# Plotting a bearing onto your map

There are many different scenarios that lead to plotting a bearing on a map. Most of them involve a known location, an unknown location, and a north reference. The bearing is the angle formed by two lines that start from the point the measurement is made. One line extends from this point towards North. The other line extends from this point to some distant target. The point at which the measurement is made may be either the known or unknown location.

A single known point and a bearing, is not enough information to determine the location of the unknown point. It will define a line along which the unknown point is located. To locate the unknown point we need at least on more piece of information. That could be another bearing from a different known point. Or it could be a distance from the original known point. Or it could be a map feature that we know the unknown point is located along, like a road, trail, or stream, or a contour line of a given elevation.

### Bearings, Azimuths, Headings, and Course

The disciplines of navigation, surveying, and astronomy all have slightly definitions of these terms. Here are some simple definitions that will serve you well for land navigation.

• Bearing - A horizontal arc or angle measured from a north reference line, in a clockwise direction, to a point of interest some distance away from the point of measurement. In land navigation the terms bearing and azimuth are interchangeable.
• Azimuth - See bearing. In land navigation the terms bearing and azimuth are interchangeable.
• Course - Your desired direction of travel. Your course will be different from your heading when you are "off-course." In air and sea navigation, your course or "course over ground" is the direction of travel of your aircraft or vessel. Here your course may differ from your heading due to influences of wind and current. This is rarely a problem when navigating by foot.

### Some reasons to plot bearings onto your map

#### Location by Resectioning or "Where am I?"

If you can see at least two and preferably three locations that you can identify on your map, you can take compass bearings to these locations, and plot them on your map. Your location will be where the bearing lines cross.

It is often difficult to identify more than one known location that you can see. In this case you can often combine other information about your location to use with a single bearing line. If you are on a trail that you can identify on the map, but you are not sure of your exact location along the trail, You can take a bearing to a known peak, plot that bearing, and know that you are where the bearing line crosses the trail. Note, it is possible the bearing intersects the trail in more than one place. In this case, you will need additional information to determine which crossing is your present location.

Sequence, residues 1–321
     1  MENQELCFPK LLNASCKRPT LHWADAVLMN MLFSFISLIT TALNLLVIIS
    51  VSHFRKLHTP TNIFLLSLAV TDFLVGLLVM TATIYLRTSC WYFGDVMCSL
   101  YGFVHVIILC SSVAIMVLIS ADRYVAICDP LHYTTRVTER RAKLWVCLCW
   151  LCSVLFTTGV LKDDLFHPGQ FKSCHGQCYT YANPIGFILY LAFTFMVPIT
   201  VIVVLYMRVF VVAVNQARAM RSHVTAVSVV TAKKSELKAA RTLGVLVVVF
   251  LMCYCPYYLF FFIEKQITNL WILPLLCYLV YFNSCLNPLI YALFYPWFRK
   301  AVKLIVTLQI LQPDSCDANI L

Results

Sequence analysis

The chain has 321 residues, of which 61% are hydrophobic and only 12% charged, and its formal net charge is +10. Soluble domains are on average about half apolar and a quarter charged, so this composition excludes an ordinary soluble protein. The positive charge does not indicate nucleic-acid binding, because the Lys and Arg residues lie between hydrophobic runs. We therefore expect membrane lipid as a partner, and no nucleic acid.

You can use any of the following linear features to intersect with one or more bearings. Provided you can identify the feature on the map and you are sure your position in somewhere along the feature you have identified.

• Rivers, streams and shorelines
• Ridge lines and spurs
• Fence or power lines
• A contour line at your current elevation

A special case of location by resectioning is useful when you are using a GPSr with a map that does not have a coordinate grid. Rather than using your compass to sight a bearing to a known location, you enter the coordinates of a known location into your GPSr. Using the GOTO Waypoint feature, your GPS will calculate both the bearing and distance from your current location, to the known location on the map. Look for a new tutorial on this method in the coming weeks.

#### Location by Intersection or "Where is the ______ that I can see in the distance?"

You see something off in the distance, say a plume of smoke. You know where you are and you take a compass bearing from your location to the smoke. Now you can plot a line on your map and know that the source of the smoke is somewhere along that line. Moving to a new, known location and taking a bearing, will result in another line. The source of the smoke should be at the intersection of the two bearing lines. Moving to yet another known location, taking a bearing and plotting it, will provide you some protection from any error you may have made. If the three bearings all cross in close proximity, you can be confident of your results. With only two bearings, errors will not be apparent.

#### Plotting straight line course segments for route finding